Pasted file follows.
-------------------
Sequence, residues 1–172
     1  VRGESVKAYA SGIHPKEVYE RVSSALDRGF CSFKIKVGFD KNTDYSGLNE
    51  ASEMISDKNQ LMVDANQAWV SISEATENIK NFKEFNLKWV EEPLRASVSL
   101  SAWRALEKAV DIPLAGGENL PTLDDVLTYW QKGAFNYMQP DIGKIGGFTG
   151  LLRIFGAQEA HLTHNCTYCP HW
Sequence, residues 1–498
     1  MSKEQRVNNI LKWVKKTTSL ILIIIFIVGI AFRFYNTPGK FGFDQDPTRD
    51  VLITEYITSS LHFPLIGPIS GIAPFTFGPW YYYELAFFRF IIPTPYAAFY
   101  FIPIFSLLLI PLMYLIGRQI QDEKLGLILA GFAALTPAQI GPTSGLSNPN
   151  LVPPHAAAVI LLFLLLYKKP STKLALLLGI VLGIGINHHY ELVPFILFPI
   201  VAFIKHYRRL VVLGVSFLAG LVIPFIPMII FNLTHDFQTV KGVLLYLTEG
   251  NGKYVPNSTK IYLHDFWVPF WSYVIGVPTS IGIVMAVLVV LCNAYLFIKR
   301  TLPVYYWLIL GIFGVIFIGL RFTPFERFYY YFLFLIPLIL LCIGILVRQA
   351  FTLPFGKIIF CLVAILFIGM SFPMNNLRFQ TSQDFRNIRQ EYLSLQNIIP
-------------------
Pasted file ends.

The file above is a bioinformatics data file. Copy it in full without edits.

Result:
Sequence, residues 1–172
     1  VRGESVKAYA SGIHPKEVYE RVSSALDRGF CSFKIKVGFD KNTDYSGLNE
    51  ASEMISDKNQ LMVDANQAWV SISEATENIK NFKEFNLKWV EEPLRASVSL
   101  SAWRALEKAV DIPLAGGENL PTLDDVLTYW QKGAFNYMQP DIGKIGGFTG
   151  LLRIFGAQEA HLTHNCTYCP HW
Sequence, residues 1–498
     1  MSKEQRVNNI LKWVKKTTSL ILIIIFIVGI AFRFYNTPGK FGFDQDPTRD
    51  VLITEYITSS LHFPLIGPIS GIAPFTFGPW YYYELAFFRF IIPTPYAAFY
   101  FIPIFSLLLI PLMYLIGRQI QDEKLGLILA GFAALTPAQI GPTSGLSNPN
   151  LVPPHAAAVI LLFLLLYKKP STKLALLLGI VLGIGINHHY ELVPFILFPI
   201  VAFIKHYRRL VVLGVSFLAG LVIPFIPMII FNLTHDFQTV KGVLLYLTEG
   251  NGKYVPNSTK IYLHDFWVPF WSYVIGVPTS IGIVMAVLVV LCNAYLFIKR
   301  TLPVYYWLIL GIFGVIFIGL RFTPFERFYY YFLFLIPLIL LCIGILVRQA
   351  FTLPFGKIIF CLVAILFIGM SFPMNNLRFQ TSQDFRNIRQ EYLSLQNIIP